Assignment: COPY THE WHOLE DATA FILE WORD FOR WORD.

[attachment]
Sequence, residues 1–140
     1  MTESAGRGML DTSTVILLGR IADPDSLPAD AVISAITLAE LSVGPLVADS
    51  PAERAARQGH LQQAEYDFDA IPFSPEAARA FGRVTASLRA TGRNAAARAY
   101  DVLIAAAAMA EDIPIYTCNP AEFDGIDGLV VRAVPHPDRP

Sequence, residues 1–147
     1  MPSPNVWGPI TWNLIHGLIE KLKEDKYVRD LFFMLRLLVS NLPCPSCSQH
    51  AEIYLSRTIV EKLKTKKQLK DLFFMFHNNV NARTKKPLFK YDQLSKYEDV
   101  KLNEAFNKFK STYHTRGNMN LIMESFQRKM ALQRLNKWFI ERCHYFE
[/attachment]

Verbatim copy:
Sequence, residues 1–140
     1  MTESAGRGML DTSTVILLGR IADPDSLPAD AVISAITLAE LSVGPLVADS
    51  PAERAARQGH LQQAEYDFDA IPFSPEAARA FGRVTASLRA TGRNAAARAY
   101  DVLIAAAAMA EDIPIYTCNP AEFDGIDGLV VRAVPHPDRP

Sequence, residues 1–147
     1  MPSPNVWGPI TWNLIHGLIE KLKEDKYVRD LFFMLRLLVS NLPCPSCSQH
    51  AEIYLSRTIV EKLKTKKQLK DLFFMFHNNV NARTKKPLFK YDQLSKYEDV
   101  KLNEAFNKFK STYHTRGNMN LIMESFQRKM ALQRLNKWFI ERCHYFE